FORT MYERS, Fla.—It had been a quiet spring for Trey Mancini. Entering Friday’s game with the Minnesota Twins, Mancini had just 15 Grapefruit League at-bats, and was hitting only .133.
In the Orioles’ 12-9 loss to the Twins at Hammond Stadium, Mancini had three hits in four at-bats, and just about doubled his spring average—to .263 and had his first extra-base hit, a fifth-inning double
Mancini missed some time when he jammed his pinkie on a headfirst slide, but that’s behind him now.
“I just really haven’t been feeling great since I came back for whatever reason,” Mancini said. “I felt loose and had some good conversations with several people the last few days. Everybody says, ‘It’s spring training,’ all this stuff, but I still want to do well, no matter what the situation is. I felt good to contribute out there.”
Because Mancini had just 15 at-bats, he hadn’t developed much of a rhythm.
“Things can kind of get magnified in the spring sometimes because it’s not many at-bats,” Mancini said.
“Just getting my timing back, not thinking about mechanics, which is what I’d been doing. When you’re thinking of mechanics, you’re not really concentrating on the ball, not the pitches being thrown, and sometimes you can swing at pitchers’ pitches, and that’s what I was doing. I tried to calm everything down, and it worked out.”
Manager Brandon Hyde said that he liked what he saw from Mancini.
“He’s so hard on himself,” Hyde said. “I just want him to relax and worry about taking good at-bats, and whatever happens, happens.”
For Mancini, he’s noticed a new tenor to the Orioles. He’s in his fourth spring training with the team.
“When we got here, the whole theme was a good atmosphere and everybody had such good energy, and that hasn’t faded at all,” Mancini said.
“I think during spring, especially around this time a lot, everybody’s just ready for the season to start, and at this point, a lot of times, you pretty much knew what the team would be, and I don’t think that’s the case anymore. There’s still a lot of competition going on, and that’s always a good thing, I think. I’ve been really impressed just how everybody’s gone about their business the whole month. It’s been just a joy to be around.”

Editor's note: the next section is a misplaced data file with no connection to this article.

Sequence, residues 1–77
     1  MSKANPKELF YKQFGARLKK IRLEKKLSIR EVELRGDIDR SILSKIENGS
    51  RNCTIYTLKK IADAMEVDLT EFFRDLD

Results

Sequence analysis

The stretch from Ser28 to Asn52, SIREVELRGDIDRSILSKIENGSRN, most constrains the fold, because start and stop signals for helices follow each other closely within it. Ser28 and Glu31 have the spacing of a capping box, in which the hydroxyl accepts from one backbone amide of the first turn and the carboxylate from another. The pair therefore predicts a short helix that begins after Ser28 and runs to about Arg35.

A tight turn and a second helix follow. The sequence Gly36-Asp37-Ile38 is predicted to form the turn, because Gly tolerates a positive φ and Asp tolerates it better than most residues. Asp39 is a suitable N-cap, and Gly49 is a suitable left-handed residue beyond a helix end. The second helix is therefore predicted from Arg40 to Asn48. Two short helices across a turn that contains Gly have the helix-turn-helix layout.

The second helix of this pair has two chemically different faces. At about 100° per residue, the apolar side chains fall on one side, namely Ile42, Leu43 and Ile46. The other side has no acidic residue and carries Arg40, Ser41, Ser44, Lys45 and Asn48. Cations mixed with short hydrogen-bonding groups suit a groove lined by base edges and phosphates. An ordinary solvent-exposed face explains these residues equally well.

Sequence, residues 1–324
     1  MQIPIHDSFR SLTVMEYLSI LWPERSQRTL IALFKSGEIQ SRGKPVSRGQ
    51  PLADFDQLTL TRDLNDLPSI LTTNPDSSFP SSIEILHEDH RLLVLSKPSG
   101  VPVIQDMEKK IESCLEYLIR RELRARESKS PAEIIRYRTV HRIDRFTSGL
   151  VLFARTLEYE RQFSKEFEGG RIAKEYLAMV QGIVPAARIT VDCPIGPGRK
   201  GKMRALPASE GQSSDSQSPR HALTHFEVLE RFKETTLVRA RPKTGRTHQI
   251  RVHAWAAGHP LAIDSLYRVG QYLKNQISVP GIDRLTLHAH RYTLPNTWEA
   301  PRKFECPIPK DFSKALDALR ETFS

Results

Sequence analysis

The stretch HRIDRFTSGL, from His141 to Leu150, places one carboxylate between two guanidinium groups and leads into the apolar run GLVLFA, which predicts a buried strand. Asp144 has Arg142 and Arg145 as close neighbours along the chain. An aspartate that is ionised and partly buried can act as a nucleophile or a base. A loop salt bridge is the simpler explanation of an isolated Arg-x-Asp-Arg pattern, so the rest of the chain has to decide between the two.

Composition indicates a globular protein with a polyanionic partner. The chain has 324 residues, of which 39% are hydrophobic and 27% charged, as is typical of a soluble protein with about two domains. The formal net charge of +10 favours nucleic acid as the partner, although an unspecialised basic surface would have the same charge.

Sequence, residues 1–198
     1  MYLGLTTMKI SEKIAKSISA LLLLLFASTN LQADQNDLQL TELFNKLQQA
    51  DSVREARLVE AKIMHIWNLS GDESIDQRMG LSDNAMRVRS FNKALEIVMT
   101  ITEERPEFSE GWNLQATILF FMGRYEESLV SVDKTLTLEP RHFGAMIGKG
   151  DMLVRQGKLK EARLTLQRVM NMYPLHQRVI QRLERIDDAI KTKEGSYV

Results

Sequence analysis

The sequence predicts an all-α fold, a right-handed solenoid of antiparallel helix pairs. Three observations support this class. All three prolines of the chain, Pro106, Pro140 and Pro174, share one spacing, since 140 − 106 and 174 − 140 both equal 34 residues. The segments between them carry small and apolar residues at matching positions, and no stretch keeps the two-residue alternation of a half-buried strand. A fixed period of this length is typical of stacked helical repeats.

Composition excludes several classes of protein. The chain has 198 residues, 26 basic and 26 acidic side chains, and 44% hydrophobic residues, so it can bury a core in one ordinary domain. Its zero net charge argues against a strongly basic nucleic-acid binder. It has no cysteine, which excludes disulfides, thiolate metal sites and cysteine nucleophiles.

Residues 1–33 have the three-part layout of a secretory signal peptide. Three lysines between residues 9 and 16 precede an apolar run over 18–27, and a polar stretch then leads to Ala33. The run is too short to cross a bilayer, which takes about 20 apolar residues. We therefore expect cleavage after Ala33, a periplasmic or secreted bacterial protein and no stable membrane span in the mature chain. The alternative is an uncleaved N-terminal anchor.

Most of the players in the Orioles’ camp were in the organization last year, and of the franchise-record 56 players used in 2019, 34 are still with the Orioles.
“It’s a lot of new people, but a lot of people were in the organization but weren’t playing at this level a lot or at all,” Mancini said.
“A lot of guys have known each other for years at this point. We’ve all gotten to know each other over even last spring and then over the course of last season, a lot of guys came up and made their debuts.”
Many of those players haven’t seen Mancini at his best. In 2017, he finished third in AL Rookie of the Year voting, hitting .293 with 24 home runs and 78 RBIs. He slumped last year, and finished with a .242 average with the same number of home runs—24, but just 58 RBIs.
“Certainly the hardest point in my baseball career was back then,” Mancini said. “You learn your lessons from your hardest times. That’s pretty much what failure is, not learning from your mistakes, so you’ve got to find a way to get through not feeling great, still going out there and being your best every day.”
Mancini says this spring has been a bonding experience for the new Orioles.
“As that happens, you get to know guys a lot better, and the chemistry just always gets better,” Mancini said. “We’ve been doing really cool things like having team barbecues, and we’ve been trying to do a little more things as a team, too, and I think that goes a long way as a team because we’re with each other more than we’re with our own families, honestly.
“Your team is kind of like your family throughout the year, and you really want to enjoy who you’re around and get to know them kind of on a personal level as well. It just makes you want to play really hard for the guy next to you, and I think we’ve been doing a really good job of that.”
At January’s FanFest, Mancini joked that with the departure of so many veterans, the 26-year-old was now giving advice on 401(k) plans to his younger teammates.
“It’s more been just like little things, like a lot of the guys who come up for the day from minor league camp want to know how the day-to-day thing goes here,” Mancini said.
“A couple of them have asked me because I know them. A couple of guys have asked me for a couple of pieces of advice, but I don’t think I’m like a wise old man at the same time, either. I’m still pretty young, myself. This is my fourth major league camp so I’ve been around for a while, and I usually know how things operate at this level.”
This is the first time Mancini has been on an Orioles team without Buck Showalter as manager and Dan Duquette as GM.
“I think this year we know a little bit more ahead of time where we’re going to be,” Mancini said. “A lot of times the past couple of years, you never really knew until the night before, not even until that day whether you’d be playing a lot. I think we have a good idea of where we’re going to be in the next day or even two days in the future this year, so that’s different.
“There’s no one way to do things, either. I’m always going to be appreciative for Buck and Dan. They drafted me. I made my major league debut for them. I’ll always be appreciative to them for that. I’m also really excited to play for Hyde under this new regime. I consider myself very lucky that I’ve gotten to experience both.”